“They paved paradise and put up a parking lot…” Joni Mitchell
Pavement usually means trouble for trees. But at the Chicago area’s first environmentally-friendly parking lot, it means new life for the 41,000 trees that call the Morton Arboretum home. Opened in September 2004, the US$ 43 million dollar expansion called Branching Out! includes a green parking lot — one with a natural filtration system that will actually improve the ecosystem and be a showcase to the world.
Founded by Joy Morgan of the Morgan Salt Company, this living tree museum and park is located on the fringes of Chicago in Lisle, Illinois, and features 3,300 different types of trees, shrubs and plants from over 50 countries. The expansion, including a Visitor Center, Children’s Garden, Maze and restaurant is spread across 1,700 acres (6.9 km²), positioning it as one of America’s foremost public gardens. But a highlight of the development is the innovative new parking lot.
“Yes, parking lots are not usually a park feature,” laughs Kris Bachell, horticulturist and Director of Grounds and Collections at the Morton Arboretum. “It’s the first time the Environmental Protection Agency has funded a parking lot. We’re a test case.” Bachell explains that while they were restoring the site’s Meadow Lake, they realized that after restoring the shoreline and adding 78,700 perennials and 260 new trees, they didn’t want to sewer the lake with pollutants from the nearby parking lot. So, they decided to investigate healthier alternatives.
Consultations led to Christopher Burke Engineering of Rosemount, Illinois who devised a unique system of cleaning the water. “The key is filtration. Our intent is to slow and cool the water before it reaches the lake,” Bachell explains. To do this, each brick on the parking lot has a hole in its center, filled with gravel. As water drains through the gravel, contaminants are neutralized. Under the bricks is another layer of gravel, until finally, the water leads to a planted wetland that filters it further.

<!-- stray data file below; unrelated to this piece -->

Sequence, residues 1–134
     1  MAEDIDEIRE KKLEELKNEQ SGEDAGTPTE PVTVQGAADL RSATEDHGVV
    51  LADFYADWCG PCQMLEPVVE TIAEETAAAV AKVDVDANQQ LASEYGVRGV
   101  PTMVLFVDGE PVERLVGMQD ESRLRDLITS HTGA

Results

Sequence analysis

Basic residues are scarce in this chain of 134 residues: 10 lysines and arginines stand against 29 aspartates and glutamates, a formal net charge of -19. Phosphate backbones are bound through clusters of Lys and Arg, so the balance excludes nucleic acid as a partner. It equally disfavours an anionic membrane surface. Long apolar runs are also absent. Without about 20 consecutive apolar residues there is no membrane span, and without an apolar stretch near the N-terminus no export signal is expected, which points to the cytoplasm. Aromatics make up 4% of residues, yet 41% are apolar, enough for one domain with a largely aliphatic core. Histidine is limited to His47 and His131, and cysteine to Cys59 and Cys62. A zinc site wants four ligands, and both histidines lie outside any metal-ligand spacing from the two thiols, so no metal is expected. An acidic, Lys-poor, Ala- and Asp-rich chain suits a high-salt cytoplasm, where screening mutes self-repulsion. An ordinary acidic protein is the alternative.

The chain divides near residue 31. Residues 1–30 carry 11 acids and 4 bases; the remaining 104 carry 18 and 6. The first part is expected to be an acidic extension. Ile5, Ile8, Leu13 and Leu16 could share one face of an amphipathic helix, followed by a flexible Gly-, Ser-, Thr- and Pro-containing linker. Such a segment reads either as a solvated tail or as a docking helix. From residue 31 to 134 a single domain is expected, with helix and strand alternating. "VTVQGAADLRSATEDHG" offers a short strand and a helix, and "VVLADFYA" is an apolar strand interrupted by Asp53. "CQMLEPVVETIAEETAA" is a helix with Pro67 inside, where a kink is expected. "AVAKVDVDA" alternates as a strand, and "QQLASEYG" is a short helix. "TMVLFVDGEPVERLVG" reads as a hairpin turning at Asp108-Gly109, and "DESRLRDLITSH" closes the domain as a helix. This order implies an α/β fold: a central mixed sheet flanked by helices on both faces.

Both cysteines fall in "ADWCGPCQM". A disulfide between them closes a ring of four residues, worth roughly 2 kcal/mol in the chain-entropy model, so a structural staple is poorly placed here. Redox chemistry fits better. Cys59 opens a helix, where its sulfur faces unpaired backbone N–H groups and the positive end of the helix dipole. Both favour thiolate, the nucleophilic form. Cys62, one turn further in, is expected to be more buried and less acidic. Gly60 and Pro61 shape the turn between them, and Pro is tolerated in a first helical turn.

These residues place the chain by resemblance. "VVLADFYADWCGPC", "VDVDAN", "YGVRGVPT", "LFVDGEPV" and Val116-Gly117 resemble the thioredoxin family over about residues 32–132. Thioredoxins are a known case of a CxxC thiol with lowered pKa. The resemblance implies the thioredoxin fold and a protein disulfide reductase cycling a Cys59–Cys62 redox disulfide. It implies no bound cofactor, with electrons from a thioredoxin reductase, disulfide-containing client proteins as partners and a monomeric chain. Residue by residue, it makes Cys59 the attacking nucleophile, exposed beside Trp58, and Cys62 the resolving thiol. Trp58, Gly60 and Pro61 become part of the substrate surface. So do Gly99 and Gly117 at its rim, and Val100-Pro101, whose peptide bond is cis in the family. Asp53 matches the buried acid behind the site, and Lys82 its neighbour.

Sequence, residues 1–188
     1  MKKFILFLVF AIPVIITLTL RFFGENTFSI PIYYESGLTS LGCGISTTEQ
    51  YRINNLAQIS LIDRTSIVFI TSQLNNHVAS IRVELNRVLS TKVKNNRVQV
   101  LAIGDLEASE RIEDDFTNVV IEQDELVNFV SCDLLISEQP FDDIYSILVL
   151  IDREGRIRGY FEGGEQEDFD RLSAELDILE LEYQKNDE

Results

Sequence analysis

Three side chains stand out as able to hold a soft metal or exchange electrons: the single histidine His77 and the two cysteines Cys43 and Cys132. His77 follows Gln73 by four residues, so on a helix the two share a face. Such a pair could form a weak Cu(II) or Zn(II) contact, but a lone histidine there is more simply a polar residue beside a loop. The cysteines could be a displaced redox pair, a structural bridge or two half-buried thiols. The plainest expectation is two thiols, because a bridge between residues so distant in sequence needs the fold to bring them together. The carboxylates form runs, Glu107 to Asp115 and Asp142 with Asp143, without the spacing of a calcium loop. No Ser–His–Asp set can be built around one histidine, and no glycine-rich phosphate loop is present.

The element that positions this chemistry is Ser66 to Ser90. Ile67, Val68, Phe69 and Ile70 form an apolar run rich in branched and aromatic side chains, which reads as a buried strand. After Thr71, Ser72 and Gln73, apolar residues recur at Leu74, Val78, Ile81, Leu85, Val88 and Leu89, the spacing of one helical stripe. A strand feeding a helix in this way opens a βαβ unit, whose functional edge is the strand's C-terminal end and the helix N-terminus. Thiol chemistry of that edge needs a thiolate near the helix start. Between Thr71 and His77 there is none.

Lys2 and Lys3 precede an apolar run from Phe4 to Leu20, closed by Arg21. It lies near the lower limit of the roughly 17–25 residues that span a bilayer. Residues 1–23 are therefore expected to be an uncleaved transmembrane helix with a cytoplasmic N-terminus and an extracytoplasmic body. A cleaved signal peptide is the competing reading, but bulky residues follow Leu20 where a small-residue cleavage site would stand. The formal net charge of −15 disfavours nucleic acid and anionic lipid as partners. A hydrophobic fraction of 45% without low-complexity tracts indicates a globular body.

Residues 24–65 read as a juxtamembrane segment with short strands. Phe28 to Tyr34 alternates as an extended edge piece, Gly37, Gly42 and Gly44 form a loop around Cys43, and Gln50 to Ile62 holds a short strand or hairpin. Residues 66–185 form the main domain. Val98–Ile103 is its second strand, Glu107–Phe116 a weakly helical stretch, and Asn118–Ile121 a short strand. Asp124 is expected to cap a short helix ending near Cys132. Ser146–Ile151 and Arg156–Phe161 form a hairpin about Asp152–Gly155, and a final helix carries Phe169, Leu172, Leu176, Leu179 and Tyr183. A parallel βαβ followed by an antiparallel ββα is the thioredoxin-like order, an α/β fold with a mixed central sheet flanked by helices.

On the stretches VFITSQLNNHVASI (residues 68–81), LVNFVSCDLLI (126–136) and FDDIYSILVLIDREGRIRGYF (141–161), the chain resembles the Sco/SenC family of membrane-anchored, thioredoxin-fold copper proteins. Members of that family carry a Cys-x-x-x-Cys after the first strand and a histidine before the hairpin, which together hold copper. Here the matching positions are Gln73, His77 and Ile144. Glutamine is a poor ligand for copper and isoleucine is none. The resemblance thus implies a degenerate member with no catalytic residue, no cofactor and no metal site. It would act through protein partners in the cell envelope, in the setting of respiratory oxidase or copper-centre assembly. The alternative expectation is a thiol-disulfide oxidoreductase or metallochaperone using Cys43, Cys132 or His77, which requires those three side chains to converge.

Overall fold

Concave medians with bio-soils, 8,800 natural shrubs and perennials line the parking lot and catch run-off during heavy rains. But although it sounds simple, it wasn’t cheap. The cost for the parking lot alone amounted to US$ 1.2 million dollars. But it was necessary — the Arboretum receives 420,000 visitors annually and expects that number to rise to 750,000 within the next decade.
“We are the fall destination for the Midwest” explains Bachell. The 3,300 different varieties of sugar maple, oak and shrubs are ablaze with autumn colours. The Acorn Express, an open-air tram, visits Leafology Field Stations, which show children how to identify the colorful trees and become “certified leafologists.” Then Johnny Appleseed fever hits in October, when the Arboretum celebrates the story of the American folk hero who planted apple seeds across the country.
The park receives 25,000 visitors on Columbus Day (October 12), its busiest day. The new Visitors Center plans to host even more special activities year-round. For children, the expansion will include interactive areas such as a children’s garden featuring: the Secret Stream, Adventure Woods and Curiosity Garden. A new Maze Garden was recently opened and will remain open through August 21.
“For now, the parking lot has become such an interest in its own right, that we’ve built an interpretation center to demonstrate to visitors how it will work,” says Bachell.
If You Go
The Morton Arboretum is located at 400 Illinois Route 53, 25 miles (40 km) west of Chicago. It is open 365 days a year. Admission is US$ 5 Adults (13-64), US$4 seniors (65+), Children US$ 2 (3-12), and children 2 and under are free on Wednesdays, US$ 3 adults, US$ 2 seniors, US$ 1 children (children 2 and under are free). 630-968-0074 www.mortonarb.org
Tram Tours: Take a ride on the Acorn Express open-air tram for a one-hour guided tour of the Arboretum grounds for US$ 5 and US$ 3 children ages 3-12.
Chicago Convention and Tourism Bureau